Uwe Goodall-Heising: 2012 Teacher of Excellence Award Winner
Enlarge image Born and raised in Cottbus, Germany, Uwe Goodall-Heising is a second-generation teacher - both of his parents were teachers. (© Uwe Goodall-Heising) The German program at Hanover High School (HHS) in the scenic New England college town of Hanover, New Hampshire, is thriving today, but this was not always the case. Before 2007, the school’s three sections of German were often undersubscribed. Budget shortfalls even threatened to discontinue the program in 2010.
That the German program was not shuttered, but rather expanded and strengthened to become a highly popular foreign language class at HHS, is thanks to the extraordinary talent and commitment of German teacher Uwe Goodall-Heising.
More than a Profession
How did Mr. Goodall-Heising, born and raised in Cottbus, increase interest in his classes to the point where an additional section of German was added and the numbers of students in each section grew? To begin with, he brought more than 10 years of teaching experience at the high school and university levels in Germany and the US to HHS. The fact that Mr. Goodall-Heising is a second-generation teacher (both of his parents were teachers), gives him additional perspective on the profession.
But Mr. Goodall-Heising’s popularity with students, parents, and administrators is perhaps best explained by his teaching philosophy. For him, teaching German is more than a profession; it is a vital part of his life. He explains:
“I have always felt that language teaching is much more than a linguistic endeavor—in order to understand people and navigate another culture, you also need to know where people come from historically, their perspective of the world around them, how they do things and what motivates them to do the things they do. To give my students an insight into how Germans ‘tick’ has been the biggest motivation and my biggest success in teaching German. After all, it is also an attempt to help them reflect and understand how they ‘tick’ and how they are perceived by others.”
Academically Focused and Rigorous
Taking German with Mr. Goodall-Heising may be as close to a full-language-immersion experience as you can find without going to a specialized school. Hanover may be a long way from Europe, but Mr. Goodall-Heising does everything possible to break down the distance and make modern Germany "real." This includes use of the interactive Moodle online course management system, where students can access all class information, post questions and ideas, or upload their finished work; establishment of the annual "German Day" at HHS, often with special visitors from Germany; organization of a GAPP exchange with the Kurfürst-Ruprecht-Gymnasium in Neustadt an der Weinstraße in southwest Germany; and field trips to the Goethe-Institut in Boston, covered in the school newspaper, the Broadside.
Students in Mr. Goodall-Heising’s German classes, running from beginner to advanced, and including a German V Honors and an Essentials course he designed and initiated, not only catch the German ‘bug,’ becoming highly enthusiastic about the language and culture. They also get top marks on the National German Exam of the American Association of Teachers of German, earning him a letter of a commendation from the AATG. “Students of German find Uwe to be academically focused and rigorous,” says HHS Principal Deborah Gillespie—praise echoed by fellow HHS language teachers.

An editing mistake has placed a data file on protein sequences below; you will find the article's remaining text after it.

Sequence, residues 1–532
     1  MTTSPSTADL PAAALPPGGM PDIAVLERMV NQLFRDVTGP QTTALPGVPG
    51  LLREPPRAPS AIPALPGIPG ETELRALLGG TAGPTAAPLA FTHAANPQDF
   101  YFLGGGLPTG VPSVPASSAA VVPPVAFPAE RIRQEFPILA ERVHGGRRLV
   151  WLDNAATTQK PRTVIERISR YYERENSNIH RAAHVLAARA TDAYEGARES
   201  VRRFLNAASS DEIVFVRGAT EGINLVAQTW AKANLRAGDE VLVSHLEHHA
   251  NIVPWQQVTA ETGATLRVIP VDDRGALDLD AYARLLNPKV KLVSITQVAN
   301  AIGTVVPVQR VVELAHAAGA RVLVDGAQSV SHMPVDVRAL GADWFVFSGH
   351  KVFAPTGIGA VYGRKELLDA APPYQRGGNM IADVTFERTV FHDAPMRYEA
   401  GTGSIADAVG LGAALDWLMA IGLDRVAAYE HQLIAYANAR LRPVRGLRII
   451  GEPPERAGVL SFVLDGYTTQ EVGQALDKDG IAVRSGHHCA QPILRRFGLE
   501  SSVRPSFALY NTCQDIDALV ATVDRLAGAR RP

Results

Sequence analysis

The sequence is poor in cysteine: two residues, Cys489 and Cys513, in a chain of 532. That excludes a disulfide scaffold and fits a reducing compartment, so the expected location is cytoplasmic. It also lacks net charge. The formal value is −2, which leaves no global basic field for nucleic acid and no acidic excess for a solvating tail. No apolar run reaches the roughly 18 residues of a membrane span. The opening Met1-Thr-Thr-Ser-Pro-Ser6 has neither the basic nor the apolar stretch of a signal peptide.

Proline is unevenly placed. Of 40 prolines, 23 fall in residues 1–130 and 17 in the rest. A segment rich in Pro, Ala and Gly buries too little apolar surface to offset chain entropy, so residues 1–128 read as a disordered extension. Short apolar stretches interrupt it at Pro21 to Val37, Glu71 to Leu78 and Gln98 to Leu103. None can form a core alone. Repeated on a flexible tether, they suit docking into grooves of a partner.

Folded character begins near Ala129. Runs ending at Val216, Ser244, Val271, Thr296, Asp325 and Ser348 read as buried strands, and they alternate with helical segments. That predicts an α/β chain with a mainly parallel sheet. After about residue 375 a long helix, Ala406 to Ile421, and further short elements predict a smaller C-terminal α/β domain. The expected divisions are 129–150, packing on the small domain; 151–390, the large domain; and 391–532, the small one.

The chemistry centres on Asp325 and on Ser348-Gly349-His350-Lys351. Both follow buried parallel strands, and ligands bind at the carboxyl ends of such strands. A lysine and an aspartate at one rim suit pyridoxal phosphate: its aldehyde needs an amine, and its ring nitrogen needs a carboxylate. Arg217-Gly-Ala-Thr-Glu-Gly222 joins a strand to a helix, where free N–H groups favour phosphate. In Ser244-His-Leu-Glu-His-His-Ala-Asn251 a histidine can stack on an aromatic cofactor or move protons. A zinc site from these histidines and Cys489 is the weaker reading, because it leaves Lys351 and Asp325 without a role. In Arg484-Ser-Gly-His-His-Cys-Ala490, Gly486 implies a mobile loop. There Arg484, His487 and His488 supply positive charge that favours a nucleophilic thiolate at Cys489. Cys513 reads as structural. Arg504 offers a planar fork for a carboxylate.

Mr. Goodall-Heising enlisted the support of the German Agency for Schools Abroad (ZfA) upon commencing teaching at HHS, leading to a variety of collaborations, from invitations to Lehrerfortbildungen (professional development workshops), to book grants, to expertise and help. As a result, HHS in 2008 became the first American high school to offer the German Language Diploma or DSD—the standard exam for students of German abroad, taken by 46,000 students in 60 countries annually. More recently, HHS became accredited at higher levels of the exam; it is now in the process of being accredited as a DSD II (C1) school. Those who pass this level of the exam have language abilities to qualify them for study at a German institution of higher learning.
Cold Outside, Friendly Inside
The secret to Mr. Goodall-Heising’s success may lie, however, in his contagious passion for the subject matter—which extends beyond the classroom and into the community—and his gift for engaging students of diverse backgrounds. As parent Deborah Burke wrote:
“Herr Goodall-Heising encourages students of all abilities from the most advanced students who come from homes where German is a second language to students who have had no prior experience with the language. This ability to motivate, encourage and instruct with positive discipline and encouragement extends the language beyond those who have a familial connection to the language and broadens the base of people who are exposed to both the language and the culture.”
Students and parents who are lucky enough to travel to Germany with Mr. Goodall-Heising are likely to get a very personal tour of Berlin, where he lived for 20 years before moving to the US. For Goodall-Heising, Berlin is the place to get inspired by Germany, because it reflects how the country is or can be: “Diverse in terms of ethnicity as well as traditions, historically, culturally, architecturally and culinarily rich, stubborn and creative, a little harsh and cold, even unfriendly on its exterior, but warm and really friendly on the inside.”
Mr. Goodall-Heising’s combined passion for teaching and German language and culture have proven the ideal mix for building a thriving program in the Upper Connecticut Valley. For this, the German Embassy would like to congratulate him as a 2012 recipient of the Teacher of Excellence Award!